• Frank X. Rojas

A Portrait About a Mother and Daughter Returning To Home

By Frank Rojas 10/18/19

Cherríe with her mother Elvira (Left). The cover to Cherríe's most recent book (Right). Photographed by Frank Rojas

“Elvira Isabel Moraga was not the stuff of literature.”

That is the first line to Chicana writer, poet, and social activist Cherríe Moraga’s most recent work, Native Country of the Heart. The book explores the life of Moraga’s mother and how she comes to understand her own life as a queer Latina feminist through her. The book is not a biography, but rather a portrait of a relationship between a mother and daughter who are fighting their own battles but yet remain united in blood.

Cherríe Moraga first came to prominence for her work with the late Gloria Anzaldúa in the feminist anthology, This Bridge Called My Back. The literary work investigates the experiences of women of color within the intersection of race and sexual identity. Since then Moraga has gone on to write various books, critical thinking essays, and theater productions. She has taught as an English professor, thus expanding the Chicana/Chicano literature studies at the University of California, Santa Barbara. Moraga is also a founding member of La Red Xicana Indígena, an advocacy network. It is dedicated to Chicanas working in education, the arts, spiritual practice, and indigenous women’s rights.

Last week Moraga took part in a lecture series hosted by Scripps College in Claremont, California where she explained the inspiration behind her most recent book.

“It’s a long story about being honest to your origin story. If there’s anything I teach my students it’s that they have to go home. And home is not an easy place to be sometimes. This book is about that.”

Native Country of the Heart took Moraga ten years to write as she was simultaneously writing for other projects. But she expressed that this was the book she had to finish. The first half of the book chronicles Moraga’s experience with her mother before she comes out and pursues her own individual life as a queer woman. The later half delves into Moraga’s relationship with memory years later as her mother becomes affected by Alzheimer's and eventually passes. The cover consists of a vintage black and white photograph of Moraga’s mother as she looks candidly into the distance.

“I wanted to make her, which also means us and that generation and history, literature… It’s not just Elvira, it’s all of those mujeres. As Mexicans in the U.S., we are still so invisible. We haven't even gotten to tap our stories. My mother was not the stuff of literature because literature is Anglo-Saxon.”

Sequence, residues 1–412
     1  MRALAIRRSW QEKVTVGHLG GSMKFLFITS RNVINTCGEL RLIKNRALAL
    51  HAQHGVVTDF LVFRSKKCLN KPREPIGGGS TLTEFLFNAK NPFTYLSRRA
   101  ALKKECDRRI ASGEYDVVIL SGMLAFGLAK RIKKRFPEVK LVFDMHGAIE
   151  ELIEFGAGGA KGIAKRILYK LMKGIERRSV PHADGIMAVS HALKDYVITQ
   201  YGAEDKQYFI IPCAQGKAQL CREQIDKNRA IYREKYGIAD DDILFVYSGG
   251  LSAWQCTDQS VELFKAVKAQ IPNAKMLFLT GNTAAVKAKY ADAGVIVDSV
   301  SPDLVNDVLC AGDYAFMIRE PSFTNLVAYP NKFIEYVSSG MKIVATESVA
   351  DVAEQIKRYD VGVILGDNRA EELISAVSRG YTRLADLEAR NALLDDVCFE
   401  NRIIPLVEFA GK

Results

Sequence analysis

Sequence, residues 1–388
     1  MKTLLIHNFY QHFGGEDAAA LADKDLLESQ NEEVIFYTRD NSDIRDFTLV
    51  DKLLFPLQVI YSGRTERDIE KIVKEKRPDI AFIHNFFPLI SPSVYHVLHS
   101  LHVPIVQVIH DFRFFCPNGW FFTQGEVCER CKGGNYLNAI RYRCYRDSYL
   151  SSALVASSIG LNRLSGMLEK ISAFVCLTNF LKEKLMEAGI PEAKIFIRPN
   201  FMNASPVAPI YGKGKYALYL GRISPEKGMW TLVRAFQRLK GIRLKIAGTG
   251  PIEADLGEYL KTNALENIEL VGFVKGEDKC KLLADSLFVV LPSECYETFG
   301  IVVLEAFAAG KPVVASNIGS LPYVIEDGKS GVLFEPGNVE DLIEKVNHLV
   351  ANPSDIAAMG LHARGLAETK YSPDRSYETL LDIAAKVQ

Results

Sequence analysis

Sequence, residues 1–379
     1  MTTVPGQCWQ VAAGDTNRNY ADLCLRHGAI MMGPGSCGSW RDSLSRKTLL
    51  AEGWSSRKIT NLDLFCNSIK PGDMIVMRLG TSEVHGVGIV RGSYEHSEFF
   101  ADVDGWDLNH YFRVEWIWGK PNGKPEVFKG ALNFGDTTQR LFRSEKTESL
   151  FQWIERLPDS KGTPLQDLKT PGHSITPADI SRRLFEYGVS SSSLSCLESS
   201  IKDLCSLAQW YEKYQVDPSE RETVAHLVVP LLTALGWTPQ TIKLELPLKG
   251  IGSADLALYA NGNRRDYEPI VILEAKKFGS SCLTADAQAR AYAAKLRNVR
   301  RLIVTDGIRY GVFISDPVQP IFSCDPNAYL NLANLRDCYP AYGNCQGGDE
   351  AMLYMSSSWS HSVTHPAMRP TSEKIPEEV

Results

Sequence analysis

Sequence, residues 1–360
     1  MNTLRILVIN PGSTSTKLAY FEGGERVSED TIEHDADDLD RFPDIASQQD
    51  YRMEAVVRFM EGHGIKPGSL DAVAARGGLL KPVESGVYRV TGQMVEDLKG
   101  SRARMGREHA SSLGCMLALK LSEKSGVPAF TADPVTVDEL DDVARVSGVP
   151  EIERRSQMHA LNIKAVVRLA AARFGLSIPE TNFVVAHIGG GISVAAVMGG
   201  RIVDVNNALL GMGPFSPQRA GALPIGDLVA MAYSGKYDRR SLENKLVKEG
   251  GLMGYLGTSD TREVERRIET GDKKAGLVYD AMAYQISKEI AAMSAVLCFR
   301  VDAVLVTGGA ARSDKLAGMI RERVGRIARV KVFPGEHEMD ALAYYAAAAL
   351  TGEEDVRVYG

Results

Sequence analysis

Moraga sharing intimate family picture at Scripps College in Claremont, CA. Photographed by Frank Rojas

Moraga explained the three narratives the Latinx community has been restricted to. The stories allowed are the immigrant experience, the gang experience, and a romanticized version of familia. While she does not intend to undermine those stories, they do not show the complexity of the Latinx community. Moraga was enlightened by reading the works of black women’s literature in the 1970s. She credits those stories as what allowed her to see herself as literature. That became an awakening moment into consciousness which has influenced numerous of Moraga’s works.

There is a fierceness of values that are communicated throughout the book. It’s those same values that Moraga learned from her mother and in turn, taught her son. The phrase, “No te dejes” (don’t back down) is repeated throughout the book as a form of endearment. Moraga elaborates on how those values and that phrase are connected with the ability to tell the truth. A truth Moraga struggled to accept for her own life before coming out to her mother as a lesbian.

“Writing her story was really important to me because it’s just a life. I feel really different with this book because I feel free and I can’t say that’s the case with other people that are in this book.”

Native Country of the Heart is not just a memoir about Cherríe Moraga’s mother. It is also a story about Moraga herself. A story that is uncomfortable and messy, but very much real. The story does not finish with Elvira’s death. It continues through the legacy of her daughter and those after. Elvira, who was not the stuff of literature, has now been published by a renowned American book publishing company and her story and the story of her daughter have gone on to tour countless college campuses. It’s a reminder that we live through our ancestors and that our ancestors live through us. As Moraga writes, “If we forget ourselves, who will be left to remember us?”

An excerpt from Cherríe Moraga’s book Native Country of the Heart:

“You’re living with a secret”

My mother’s words grab me by the throat. The phone falls to my chest. I am twenty-three years old. And this is what I know of a black hole. Her statement foretells my exile. She is losing me. She knows it. And into the dark firmament of that silence Elvira, the braver of us, has ventured.

I can lie and continue on without her or tell her the truth and… and what?

© 2019 by Frank Rojas | Email: